PDP's Super Smash Bros. Ultimate Wired Fight Pad Pro is a solid controller option for under $30 with only minor drawbacks

If you're not looking to shell out more than double that for Nintendo's Pro Controller, you might want to look here

Posted by Steven 'Dreamking23' Chavez • September 18, 2019 at 8:20 a.m. PDT

During the months before Super Smash Bros. Ultimate saw its official release back in December 2018, I went on a search for a solid controller at a decent price. Though using a Gamecube controller was an obvious option, I didn't want to have to deal with grabbing one and the adapter needed to use it, so I ended up forking over the money for Nintendo's $70 Pro Controller for the Switch — luckily I got it on sale at the time.

While doing my research, I came across the first wave of PDP's Super Smash Bros. Ultimate Wired Fight Pad Pro controllers, and while they were the main candidate I was considering after Nintendo's official pad, I chose to go in a different direction as third=party peripherals usually give me pause due to a lack of quality. Little did I know that if I had actually purchased PDP's Fight Pad Pro back then, I would have been pleasantly surprised.

The company recently released a set of four new, officially licensed Super Smash Bros. Ultimate-themed Gamecube-style controllers for the Nintendo Switch. Each is centered around a specific character, with an emblem and colors to match Sonic The Hedgehog, The Legend of Zelda's Link and Zelda, and Super Mario's own Yoshi.

While the overall design is very similar to Nintendo's original Gamecube controller, PDP's Fight Pad Pro is a little bit bigger with longer handles at the bottom. It's a fairly light controller, but still feels solid, and though the buttons seem slightly stiffer than their counterpart I didn't run into any noticeable issues there when using this controller in different games.

One of the perks of going with PDP's controller is that you are given the option to swap out the C-stick for a standard-sized stick if you so choose to do so. The switch is as simple as pulling one stick out and clicking the other in, and both sticks retain the color of the controller's theme to keep everything looking nice. Personally, I went with two regular-sized sticks instead of the smaller C-stick.

Movement and inputs feel smooth on this controller, allowing me to do everything as I expect to in a heated Super Smash Bros. Ultimate match. That being said, there are some minor gripes I have with the construction of certain aspects of the controller.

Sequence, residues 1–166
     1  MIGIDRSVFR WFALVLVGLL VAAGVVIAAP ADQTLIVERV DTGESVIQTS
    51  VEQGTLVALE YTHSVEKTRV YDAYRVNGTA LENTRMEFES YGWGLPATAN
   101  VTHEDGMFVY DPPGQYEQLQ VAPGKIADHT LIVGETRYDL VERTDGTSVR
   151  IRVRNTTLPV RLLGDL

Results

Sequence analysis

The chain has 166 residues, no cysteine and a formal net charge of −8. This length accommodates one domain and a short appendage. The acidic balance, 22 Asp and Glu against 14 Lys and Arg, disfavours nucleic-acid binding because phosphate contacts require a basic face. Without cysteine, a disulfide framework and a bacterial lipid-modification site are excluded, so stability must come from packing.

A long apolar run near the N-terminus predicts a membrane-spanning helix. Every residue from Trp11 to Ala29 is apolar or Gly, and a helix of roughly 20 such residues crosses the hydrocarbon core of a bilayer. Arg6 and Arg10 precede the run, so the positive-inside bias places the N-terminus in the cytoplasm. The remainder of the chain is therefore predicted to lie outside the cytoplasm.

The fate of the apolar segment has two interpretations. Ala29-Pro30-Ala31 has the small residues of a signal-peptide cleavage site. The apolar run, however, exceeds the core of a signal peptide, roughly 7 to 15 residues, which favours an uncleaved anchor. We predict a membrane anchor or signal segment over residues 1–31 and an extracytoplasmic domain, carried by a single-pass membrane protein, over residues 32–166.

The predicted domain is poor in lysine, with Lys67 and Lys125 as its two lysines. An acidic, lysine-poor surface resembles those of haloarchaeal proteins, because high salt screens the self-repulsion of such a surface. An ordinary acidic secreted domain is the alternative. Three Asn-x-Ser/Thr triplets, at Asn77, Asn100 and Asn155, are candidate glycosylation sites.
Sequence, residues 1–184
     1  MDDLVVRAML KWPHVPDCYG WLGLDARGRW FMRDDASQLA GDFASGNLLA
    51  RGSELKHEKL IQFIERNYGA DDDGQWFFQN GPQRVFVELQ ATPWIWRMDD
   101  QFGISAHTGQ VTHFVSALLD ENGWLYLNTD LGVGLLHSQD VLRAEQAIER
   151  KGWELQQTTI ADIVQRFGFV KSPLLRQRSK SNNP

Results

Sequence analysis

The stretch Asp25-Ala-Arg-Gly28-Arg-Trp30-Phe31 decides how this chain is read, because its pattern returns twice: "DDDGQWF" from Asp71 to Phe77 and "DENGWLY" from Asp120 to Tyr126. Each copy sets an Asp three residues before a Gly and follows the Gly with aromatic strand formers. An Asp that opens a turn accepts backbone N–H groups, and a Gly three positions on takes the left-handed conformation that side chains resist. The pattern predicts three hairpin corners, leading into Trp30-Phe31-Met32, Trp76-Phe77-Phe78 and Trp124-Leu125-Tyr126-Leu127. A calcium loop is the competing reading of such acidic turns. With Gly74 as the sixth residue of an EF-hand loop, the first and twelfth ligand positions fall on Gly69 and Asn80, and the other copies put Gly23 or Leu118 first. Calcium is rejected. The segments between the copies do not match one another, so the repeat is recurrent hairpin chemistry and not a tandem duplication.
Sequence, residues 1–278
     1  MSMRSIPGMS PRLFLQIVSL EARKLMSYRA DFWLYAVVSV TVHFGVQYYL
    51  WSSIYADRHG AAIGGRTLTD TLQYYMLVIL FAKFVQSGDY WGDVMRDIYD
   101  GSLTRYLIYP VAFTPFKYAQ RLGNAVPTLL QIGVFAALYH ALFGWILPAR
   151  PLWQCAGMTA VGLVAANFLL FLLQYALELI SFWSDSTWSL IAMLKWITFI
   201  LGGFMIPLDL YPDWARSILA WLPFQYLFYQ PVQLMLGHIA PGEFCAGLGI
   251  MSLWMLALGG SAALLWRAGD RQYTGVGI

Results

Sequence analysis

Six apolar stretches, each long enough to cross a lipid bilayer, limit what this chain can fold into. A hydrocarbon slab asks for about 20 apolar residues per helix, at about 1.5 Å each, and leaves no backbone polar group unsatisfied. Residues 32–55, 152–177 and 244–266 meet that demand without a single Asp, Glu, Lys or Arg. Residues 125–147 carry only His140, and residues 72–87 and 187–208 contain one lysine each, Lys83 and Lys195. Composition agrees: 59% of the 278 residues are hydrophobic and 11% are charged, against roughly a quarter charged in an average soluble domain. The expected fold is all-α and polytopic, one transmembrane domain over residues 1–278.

PDP's Super Smash Bros. Ultimate Wired Fight Pad Pro Controller image #1 PDP's Super Smash Bros. Ultimate Wired Fight Pad Pro Controller image #2 PDP's Super Smash Bros. Ultimate Wired Fight Pad Pro Controller image #3 PDP's Super Smash Bros. Ultimate Wired Fight Pad Pro Controller image #4 PDP's Super Smash Bros. Ultimate Wired Fight Pad Pro Controller image #5
Click images for larger versions

The biggest issue I ran across is the left and right triggers. Both buttons are low to the base and don't have that higher wall you find on official Gamecube controllers. This resulted in several accidental presses while playing, and in a game like the Castlevania Anniversary Collection where those buttons bring up the menu, it can be really frustrating to deal with.

On a smaller scale, I noticed that if you hold the main joystick left or right and release it, the bounce back to neutral position can trigger an input of the opposite direction making for some unwanted activity. Testing it in Smash Bros. Ultimate's training mode, I was able to recreate it quite often, but I've only ever run into it a handful of times actually playing and in certain games — like Cuphead.

While I started out using one of PDP's Fight Pad Pro controllers simply for this review, I've found myself plugging it back in whenever I play Nintendo Switch games — and the 10-foot USB cable that comes attached to it gives me ample room to work with when I do. My weapon of choice has been the Yoshi-themed controller, and I'm really drawn to the two-toned color scheme of the controller's base, as well as the colorful buttons, D-Pad, and sticks.

Even when reviewing Super Smash Bros. Ultimate's latest DLC character, Banjo-Kazooie, I mainly used this controller and it held up great throughout my lengthy, online ranked sessions.

One thing you'll want to take note of is that because this controller connects to the Switch via USB, you'll only be able to use it in docked mode and can realistically only plug three in at once (without using some sort of adapter). This isn't a fault of the controller, but it's good to keep in mind if you plan on purchasing four USB controllers in hopes to play all on one console.

Closing thoughts: At the end of the day, PDP's Fight Pad Pro on the Nintendo Switch does a strong job where it counts. Retailing at only $24.99 USD, PDP's latest take on the Gamecube controller is a solid alternative to the more expensive controller options on the platform.

These controllers look and feel great for third-party products, and being able to show your love for fan-favorite Smash Bros. characters right on your pad at events and gatherings is always a plus.

Those who opt to pick these up will likely encounter accidental inputs due to the low L and R triggers and the construction of the main joystick. However, in the grand scheme of things, these are issues that won't severely impact gameplay, but will surely cause occasional frustration.

If you're in need of a good Nintendo Switch controller but don't want to shell out the $70 for Nintendo's official Pro Controller, then you can't go wrong with PDP's Fight Pad Pro. Hardcore players might still want to shoot for a top of the line peripheral, but I could definitely see a professional player getting by just fine with one of these.

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